BondX is a fixed-income investment opportunity structured in the form of an SDI, which is backed by receivables of multiple Bonds. These SDIs are rated by a credit rating agency. Investors/Subscribers are provided with expected payouts in the form of monthly interest payments, and stagerred principal repayments. For risk mitigation, all cash flows are managed by a SEBI-registered trustee to ring-fence the receivables
The BondX is a regulated and rated instrument, managed by an independent, SEBI-registered trustee. The returns in the BondX originate from a pool of Bonds receivables, which are individually secured by the Issuer by placing a collateral of a minimum 1.1x of the outstanding principal.
ROI and IRR are complementary metrics and the main difference between the two is the time value of money. ROI gives you the total return of an investment but doesn’t take into consideration the time value of money. For example, INR 1,000 received today is more valuable than INR 1,000 received after 3 months. IRR calculations take into consideration when the INR 1,000 was received, while ROI does not.
IRR hence not only represents the amount of money earned but also how fast it was earned.
Only the monthly interest payout is expected to be taxed at the marginal tax rate of the individual investor; no tax should be payable on the principal repayment. Appreciation (if any) of the price of the SDI, in case of sale prior to the full tenure, is expected to be considered as capital gain and taxed accordingly. Please do not consider this as tax advice. We urge you to speak with your independent tax advisor.
The investment amount is the sum of the face value of each SDI (“Clean Price”) and accrued interest.
Accrued interest is the amount of interest due on the SDI that has accumulated since the last time an interest payment was made. The interest has been earned by the existing holder, but because interest is only paid at set intervals the investor has not received the money yet. If the present holder sells his SDI, he should be entitled to get the interest until the date of the sale.
For example, assume you receive INR 1,000 as interest on the 30th of every month. On the 15th of the month, you decide to sell the SDI. Since you held the SDI for 15 days, an equivalent coupon amount, in this case INR 500 is earned by you but not yet received. Hence, when you sell the SDI, the INR 500 in accrued interest must be added to the sale price to fairly compensate you.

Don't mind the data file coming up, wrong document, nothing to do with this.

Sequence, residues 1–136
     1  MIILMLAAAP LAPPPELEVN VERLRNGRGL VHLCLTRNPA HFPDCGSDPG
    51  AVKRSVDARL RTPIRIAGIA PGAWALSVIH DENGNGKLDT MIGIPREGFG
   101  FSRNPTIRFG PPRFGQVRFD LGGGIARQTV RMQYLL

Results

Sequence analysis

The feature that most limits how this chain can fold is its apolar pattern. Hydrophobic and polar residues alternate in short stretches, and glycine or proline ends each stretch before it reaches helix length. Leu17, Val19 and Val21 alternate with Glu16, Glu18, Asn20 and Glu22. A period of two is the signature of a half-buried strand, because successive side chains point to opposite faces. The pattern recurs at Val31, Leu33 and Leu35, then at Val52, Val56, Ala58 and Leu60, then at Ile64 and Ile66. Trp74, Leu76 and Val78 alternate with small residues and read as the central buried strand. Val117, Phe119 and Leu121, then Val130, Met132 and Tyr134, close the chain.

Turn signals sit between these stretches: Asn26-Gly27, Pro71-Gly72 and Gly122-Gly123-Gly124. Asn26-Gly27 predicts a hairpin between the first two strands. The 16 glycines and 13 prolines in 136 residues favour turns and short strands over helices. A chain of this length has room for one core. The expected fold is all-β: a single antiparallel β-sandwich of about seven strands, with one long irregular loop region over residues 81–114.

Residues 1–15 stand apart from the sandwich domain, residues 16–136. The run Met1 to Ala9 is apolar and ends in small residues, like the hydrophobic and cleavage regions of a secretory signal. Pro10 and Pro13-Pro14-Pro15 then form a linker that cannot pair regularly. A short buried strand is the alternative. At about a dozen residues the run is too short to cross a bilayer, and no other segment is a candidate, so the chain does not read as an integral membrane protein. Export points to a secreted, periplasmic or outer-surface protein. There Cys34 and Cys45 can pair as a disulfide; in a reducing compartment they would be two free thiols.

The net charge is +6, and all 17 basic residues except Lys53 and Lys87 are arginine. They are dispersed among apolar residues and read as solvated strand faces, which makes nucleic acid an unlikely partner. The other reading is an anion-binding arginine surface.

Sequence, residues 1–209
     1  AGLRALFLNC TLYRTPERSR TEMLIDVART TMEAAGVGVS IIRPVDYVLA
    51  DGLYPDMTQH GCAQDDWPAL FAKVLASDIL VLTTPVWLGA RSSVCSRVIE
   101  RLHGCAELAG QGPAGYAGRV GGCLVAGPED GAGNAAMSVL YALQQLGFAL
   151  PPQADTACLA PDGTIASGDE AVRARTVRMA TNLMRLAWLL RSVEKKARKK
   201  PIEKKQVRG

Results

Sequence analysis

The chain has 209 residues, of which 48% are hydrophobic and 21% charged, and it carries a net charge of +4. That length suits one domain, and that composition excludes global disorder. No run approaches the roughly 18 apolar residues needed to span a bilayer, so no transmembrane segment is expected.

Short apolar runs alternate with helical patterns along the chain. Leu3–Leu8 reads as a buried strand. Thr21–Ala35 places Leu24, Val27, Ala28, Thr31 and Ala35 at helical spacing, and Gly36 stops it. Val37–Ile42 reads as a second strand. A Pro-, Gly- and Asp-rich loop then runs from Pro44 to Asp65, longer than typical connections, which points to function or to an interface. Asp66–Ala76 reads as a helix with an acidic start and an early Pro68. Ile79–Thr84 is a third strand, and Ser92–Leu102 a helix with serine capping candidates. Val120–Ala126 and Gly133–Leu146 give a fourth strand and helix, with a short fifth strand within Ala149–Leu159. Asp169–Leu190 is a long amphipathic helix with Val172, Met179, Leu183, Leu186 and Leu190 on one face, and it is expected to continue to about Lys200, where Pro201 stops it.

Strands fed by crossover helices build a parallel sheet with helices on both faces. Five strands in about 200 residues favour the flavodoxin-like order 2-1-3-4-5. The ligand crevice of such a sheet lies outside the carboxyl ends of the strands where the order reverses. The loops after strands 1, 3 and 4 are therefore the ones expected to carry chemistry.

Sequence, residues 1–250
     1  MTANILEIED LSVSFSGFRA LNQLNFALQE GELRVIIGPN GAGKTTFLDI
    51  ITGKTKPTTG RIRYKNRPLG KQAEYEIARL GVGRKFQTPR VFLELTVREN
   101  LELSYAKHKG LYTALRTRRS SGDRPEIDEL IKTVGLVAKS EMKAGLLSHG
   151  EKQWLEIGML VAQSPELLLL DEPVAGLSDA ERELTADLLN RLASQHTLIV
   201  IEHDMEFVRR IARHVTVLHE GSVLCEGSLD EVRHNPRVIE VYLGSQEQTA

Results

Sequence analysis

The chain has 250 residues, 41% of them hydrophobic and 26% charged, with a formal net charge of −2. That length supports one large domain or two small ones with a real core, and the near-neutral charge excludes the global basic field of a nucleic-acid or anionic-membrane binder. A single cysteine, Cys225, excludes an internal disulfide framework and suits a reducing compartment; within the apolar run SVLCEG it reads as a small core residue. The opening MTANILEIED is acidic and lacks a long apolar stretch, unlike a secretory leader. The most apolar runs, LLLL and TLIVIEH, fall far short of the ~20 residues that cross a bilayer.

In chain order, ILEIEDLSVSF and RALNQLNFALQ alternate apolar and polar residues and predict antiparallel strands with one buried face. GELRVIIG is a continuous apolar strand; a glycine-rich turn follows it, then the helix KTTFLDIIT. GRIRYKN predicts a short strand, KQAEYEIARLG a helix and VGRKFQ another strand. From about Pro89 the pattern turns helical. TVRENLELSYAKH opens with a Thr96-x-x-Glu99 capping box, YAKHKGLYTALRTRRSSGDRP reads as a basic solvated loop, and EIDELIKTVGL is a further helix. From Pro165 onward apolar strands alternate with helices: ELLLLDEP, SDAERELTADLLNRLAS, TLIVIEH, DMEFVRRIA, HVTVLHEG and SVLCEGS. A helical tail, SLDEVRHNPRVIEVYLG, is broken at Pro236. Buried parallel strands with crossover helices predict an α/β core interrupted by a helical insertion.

The clean price is the price of a SDI not including any accrued interest. The clean price is typically calculated as the adjusted face value of the instrument closer to the nearest payout date, ceteris paribus. Dirty price is the price of a SDI that includes accrued interest between payout dates.
Timely Interest and Timely Principal (TITP): Under this structure, both interest and principal payouts are promised at specified intervals (monthly/quarterly, etc.). If there is any shortfall in the promised payouts, credit enhancement available in the transaction can be utilized.
Ultimate Interest and Ultimate Principal (UIUP): Under this structure, there is a distinction between promised payouts, and expected payouts. While the interest and/or principal payouts could be expected at specified intervals, they are promised only on the maturity date. This implies that credit enhancement can be utilized only if the principal and/or interest is not fully paid out on/before the maturity date of the transaction.
Timely Interest and Ultimate Principal (TIUP): Under this structure, while the interest payouts are promised at specified intervals, the principal payouts are only expected at specified intervals. This implies that credit enhancement can be utilized if there is any shortfall in promised interest payouts, and also if the principal is not fully paid out on/before the maturity date of the transaction.
Yes, SEBI has mandated KYC requirements for the purchase of the SDIs to prevent money laundering activities
No. It is mandated by SEBI to transfer funds from the bank account in the name of the applicant.
Capital adequacy ratio (CAR) is the ratio of a bank's capital to its risk-weighted assets and current liabilities. As per the current RBI guidelines, all NBFCs and HFCs are required to maintain a minimum capital ratio consisting of Tier I and Tier II capital, which shall not be less than 15% of its aggregate risk-weighted assets on-balance sheet
Gross non-performing assets (GNPA) is the amount of the debts an establishment or people owe to the organization that has failed to collect or honour their contractual obligations
Net non-performing assets (NNPA) is the amount that results upon deducting the provision for any unpaid or doubtful debt from the loan’s sum